Hillary’s handwriting has an airy appearance too, which is often seen in highly progressive people, but it’s not as open. People with this airy characteristic in their handwriting are driven to make improvements in their environment and in the world. My in-person and pen friend Barb, from Hudson, Ohio, has handwriting similar to Hillary’s – at least I think so. What do you think?

Barbara’s handwriting

Edgar Allan Poe, Poet (1809-1849) was born in Boston. I love Boston. I used to live there, but that’s neither here nor there. Getting back to Poe, it’s sad that he was orphaned at the age of two. He was sent to live with the Allens, thus the Allen in his name, but these people never adopted him. One wonders what kind of relationship he had with this new family and if that relationship influenced the type of fiction writing he would pursue. Take a look at Poe’s handwriting.

Edgar Allen Poe’s handwriting

Experts say one of the signs of a strong intellect is the sharply pointed letters in the middle zone and a well-developed upper zone. This handwriting belongs to a person who would not simply accept what he was told, but had to examine the facts for himself. This also sounds a lot like my pen friend Rebecca who lives in McKee, Kentucky. Take a look at Rebecca’s handwriting.

Rebecca’s handwriting

Now we come to one of my favorite composer/performers. It’s Paul McCartney. I love, love, love his music. Take a look at a page from his notebook showing an early draft of the lyrics to “hey Jude”.

Paul McCartney’s handwriting

In his writing McCartney strips away most nonessential loops and strokes, leaving only the basics necessary for legibility. This is a sign of a swift fluent thinker. I think my pen friend Natalie must be a swift fluent thinker too. She taught English at The Ohio State University and her handwriting makes me think of Paul’s. Below is a sample of Natalie’s script.

Natalie’s handwriting

It’s so fun to look at everyone’s very different handwriting. Don’t you think so too? Well, another very popular musician was Elvis Presley. Like Paul, Elvis had millions of fans and like Paul he changed the face of popular music in his day. Unfortunately, to me Elvis’ handwriting is not as handsome as Elvis. Here it is.

Elvis Presley’s handwriting

Presley was motivated by the need for constant action, as seen in the uncontrolled writing movement and poor rhythm, even if this action did not actually lead anywhere. He thrived on excitement and adventure. I wonder if my pen friend Markell who lives in Laurel, Maryland seeks excitement and adventure too. Her thoughts are clever but her writing has that uncontrolled look reminding me of Presley. What do you think?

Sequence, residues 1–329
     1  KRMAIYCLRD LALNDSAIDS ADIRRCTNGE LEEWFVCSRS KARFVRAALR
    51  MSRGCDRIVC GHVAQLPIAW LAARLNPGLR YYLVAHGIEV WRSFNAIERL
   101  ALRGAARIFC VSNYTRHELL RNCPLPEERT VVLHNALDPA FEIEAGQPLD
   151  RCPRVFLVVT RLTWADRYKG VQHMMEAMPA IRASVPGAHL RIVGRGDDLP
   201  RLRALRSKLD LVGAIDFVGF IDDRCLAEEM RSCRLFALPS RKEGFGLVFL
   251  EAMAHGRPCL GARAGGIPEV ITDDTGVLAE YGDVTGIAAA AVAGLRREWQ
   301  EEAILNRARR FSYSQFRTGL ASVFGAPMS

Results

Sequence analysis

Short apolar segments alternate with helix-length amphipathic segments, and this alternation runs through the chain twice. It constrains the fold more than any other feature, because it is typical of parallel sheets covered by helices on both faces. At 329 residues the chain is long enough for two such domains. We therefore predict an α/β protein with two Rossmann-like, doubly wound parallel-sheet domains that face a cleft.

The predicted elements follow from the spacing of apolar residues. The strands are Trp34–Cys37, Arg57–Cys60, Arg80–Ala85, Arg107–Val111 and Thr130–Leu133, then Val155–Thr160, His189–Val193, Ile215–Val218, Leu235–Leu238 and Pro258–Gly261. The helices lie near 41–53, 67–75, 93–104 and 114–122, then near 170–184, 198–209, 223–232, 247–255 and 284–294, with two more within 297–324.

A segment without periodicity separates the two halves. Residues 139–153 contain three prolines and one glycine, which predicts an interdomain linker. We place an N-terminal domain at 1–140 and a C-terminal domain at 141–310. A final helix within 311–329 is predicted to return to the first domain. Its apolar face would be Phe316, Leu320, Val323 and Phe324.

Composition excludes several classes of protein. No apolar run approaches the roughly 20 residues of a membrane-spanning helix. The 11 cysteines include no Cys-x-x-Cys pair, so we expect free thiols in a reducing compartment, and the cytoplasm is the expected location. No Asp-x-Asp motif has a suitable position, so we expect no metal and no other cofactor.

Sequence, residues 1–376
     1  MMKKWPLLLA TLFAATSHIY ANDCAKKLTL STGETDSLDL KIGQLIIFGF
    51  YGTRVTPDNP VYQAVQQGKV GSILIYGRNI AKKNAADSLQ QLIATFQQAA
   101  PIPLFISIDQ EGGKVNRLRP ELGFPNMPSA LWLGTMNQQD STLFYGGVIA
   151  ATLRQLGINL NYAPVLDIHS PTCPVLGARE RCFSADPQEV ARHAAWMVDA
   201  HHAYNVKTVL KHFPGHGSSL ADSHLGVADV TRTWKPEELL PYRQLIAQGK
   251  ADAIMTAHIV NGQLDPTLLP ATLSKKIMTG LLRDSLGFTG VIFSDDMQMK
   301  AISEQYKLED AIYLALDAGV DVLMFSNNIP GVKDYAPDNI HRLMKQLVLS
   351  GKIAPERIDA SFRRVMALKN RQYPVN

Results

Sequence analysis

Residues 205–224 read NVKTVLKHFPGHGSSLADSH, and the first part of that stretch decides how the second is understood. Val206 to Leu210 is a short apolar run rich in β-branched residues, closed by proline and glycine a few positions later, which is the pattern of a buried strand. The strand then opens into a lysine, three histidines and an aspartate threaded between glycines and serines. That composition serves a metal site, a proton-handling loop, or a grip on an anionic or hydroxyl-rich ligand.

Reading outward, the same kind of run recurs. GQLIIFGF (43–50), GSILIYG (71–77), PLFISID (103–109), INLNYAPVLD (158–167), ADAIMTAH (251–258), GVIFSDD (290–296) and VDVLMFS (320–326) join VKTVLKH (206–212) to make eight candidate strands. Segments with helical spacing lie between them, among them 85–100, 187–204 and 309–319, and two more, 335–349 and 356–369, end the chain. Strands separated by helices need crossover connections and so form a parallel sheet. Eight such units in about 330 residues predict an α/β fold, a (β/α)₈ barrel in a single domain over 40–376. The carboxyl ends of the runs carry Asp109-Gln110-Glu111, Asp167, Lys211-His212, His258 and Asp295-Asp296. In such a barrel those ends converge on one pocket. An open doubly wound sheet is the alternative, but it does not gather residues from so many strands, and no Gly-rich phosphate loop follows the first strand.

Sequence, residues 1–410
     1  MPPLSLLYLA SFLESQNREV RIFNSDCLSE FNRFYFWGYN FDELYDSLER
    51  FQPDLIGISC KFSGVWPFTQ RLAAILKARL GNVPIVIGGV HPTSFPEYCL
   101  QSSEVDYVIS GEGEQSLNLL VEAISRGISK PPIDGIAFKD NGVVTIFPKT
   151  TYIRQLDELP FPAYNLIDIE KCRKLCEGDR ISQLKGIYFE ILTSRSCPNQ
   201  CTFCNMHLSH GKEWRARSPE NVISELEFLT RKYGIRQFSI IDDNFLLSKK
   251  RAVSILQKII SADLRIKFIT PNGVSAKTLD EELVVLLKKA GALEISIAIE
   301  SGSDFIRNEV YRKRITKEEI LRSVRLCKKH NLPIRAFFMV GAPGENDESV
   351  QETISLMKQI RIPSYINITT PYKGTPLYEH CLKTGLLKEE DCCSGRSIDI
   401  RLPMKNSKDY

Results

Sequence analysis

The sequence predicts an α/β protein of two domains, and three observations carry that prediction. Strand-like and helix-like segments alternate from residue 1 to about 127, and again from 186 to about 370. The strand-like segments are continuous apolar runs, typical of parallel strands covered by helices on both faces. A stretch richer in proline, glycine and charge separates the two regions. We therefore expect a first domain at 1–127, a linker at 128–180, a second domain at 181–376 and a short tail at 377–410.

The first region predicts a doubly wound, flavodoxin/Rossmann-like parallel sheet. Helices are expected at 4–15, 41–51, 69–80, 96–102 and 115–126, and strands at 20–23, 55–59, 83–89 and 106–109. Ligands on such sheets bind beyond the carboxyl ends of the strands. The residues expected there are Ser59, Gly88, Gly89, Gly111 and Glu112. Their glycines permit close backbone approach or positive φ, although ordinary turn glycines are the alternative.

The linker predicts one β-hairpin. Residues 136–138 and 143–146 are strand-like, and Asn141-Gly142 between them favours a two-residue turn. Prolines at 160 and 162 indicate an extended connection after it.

Markell’s handwriting

A very different style of hand writing belongs to William Faulkner. Though he was a high school drop out he went on to become one of America’s best-known authors. Faulkner’s writing is unusually small. Minuscule writing suggests extreme need for privacy.

William Faulkner’s hand writing

Faulkner’s small, upright printing reveals someone who made decisions based more on his head than his heart. His thinking style was logical and he communicated his thoughts directly, with no frills. My pen friend Evelyna from North Olmtsed, Ohio is logical too and she communicates with authority. When I get her letters I need to find my magnifying glass for even with eyeglasses I find her tiny print difficult to read.

A close up of Evelyna’s hand writing

Now let me show you Thomas Edison’s handwriting.

Thomas Edison’s handwriting

I like Edison’s writing. It combines strength and flexibility. His neat, well-organized writing reflects an organized mind. The spaces between words, letters, and lines are clear, which is sign of an ability to see the big picture but also to keep all the constituent parts in their proper perspective. I see this neat organization in the writing of my pen friend Wendy too. Wendy lives in Battle Creek, Michigan. Observe Wendy’s handwriting,

Wendy’s handwriting

So many people. So many styles of handwriting, I could go on and on with hundreds of examples. Handwriting is truly a beautiful art form that connects us to one another. Your handwriting is an irreplaceable extension of yourself and that’s why handwriting is so important even in our modern age of technology.

So I hope you slow down, pick up a pencil or pen and write. It’s function and enjoyment rolled into one action. If you have a craving for beauty and creative expression; if you would love to be an artist but you can’t paint, sing or write music, well, have I the art for you. It’s . . .

The Art of Handwriting

Let’s talk about Hand Writing

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I love hand made things.  A loaf of bread, a knitted sweater, flowers and vegetables grown in one’s own garden, a home-cooked meal… these and other hand made creations warm my heart.   You see, it’s all about personal touch.  Therefore you’re probably not surprised that I prefer handwriting to typing.  I view handwriting as a real art form and it saddens me that so many schools are deciding to eliminate cursive writing from their curriculum.

Creativity is enchanting, all sorts of creativity, even the most simple act of putting pen to paper in creating one’s own unique and very personal script.  Handmade script is art – good art or sometimes bad art. but art nonetheless.  And, just as one artist will enjoy viewing the art of other artists, I enjoy viewing the handwriting of other writers.

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Some handwriting is handsome and inspiring. Other handwriting can be a real puzzlement, very hard to read with its haphazard lines and squiggles. Still, I prefer handmade to machine made script.  Beautiful or beastly, the personal touch is always superior to that of a machine.